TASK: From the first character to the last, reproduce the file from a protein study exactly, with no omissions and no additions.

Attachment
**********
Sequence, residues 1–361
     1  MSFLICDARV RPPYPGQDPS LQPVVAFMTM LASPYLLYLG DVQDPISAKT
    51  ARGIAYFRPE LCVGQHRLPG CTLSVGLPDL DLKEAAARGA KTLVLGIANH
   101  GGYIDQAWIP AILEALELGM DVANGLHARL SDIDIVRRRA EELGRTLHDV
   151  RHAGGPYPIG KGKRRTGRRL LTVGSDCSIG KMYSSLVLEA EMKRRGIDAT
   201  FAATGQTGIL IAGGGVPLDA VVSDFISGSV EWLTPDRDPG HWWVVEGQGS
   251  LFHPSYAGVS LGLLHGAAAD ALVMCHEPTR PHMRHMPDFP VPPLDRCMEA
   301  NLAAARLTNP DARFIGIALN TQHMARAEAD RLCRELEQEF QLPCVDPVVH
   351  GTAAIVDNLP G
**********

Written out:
Sequence, residues 1–361
     1  MSFLICDARV RPPYPGQDPS LQPVVAFMTM LASPYLLYLG DVQDPISAKT
    51  ARGIAYFRPE LCVGQHRLPG CTLSVGLPDL DLKEAAARGA KTLVLGIANH
   101  GGYIDQAWIP AILEALELGM DVANGLHARL SDIDIVRRRA EELGRTLHDV
   151  RHAGGPYPIG KGKRRTGRRL LTVGSDCSIG KMYSSLVLEA EMKRRGIDAT
   201  FAATGQTGIL IAGGGVPLDA VVSDFISGSV EWLTPDRDPG HWWVVEGQGS
   251  LFHPSYAGVS LGLLHGAAAD ALVMCHEPTR PHMRHMPDFP VPPLDRCMEA
   301  NLAAARLTNP DARFIGIALN TQHMARAEAD RLCRELEQEF QLPCVDPVVH
   351  GTAAIVDNLP G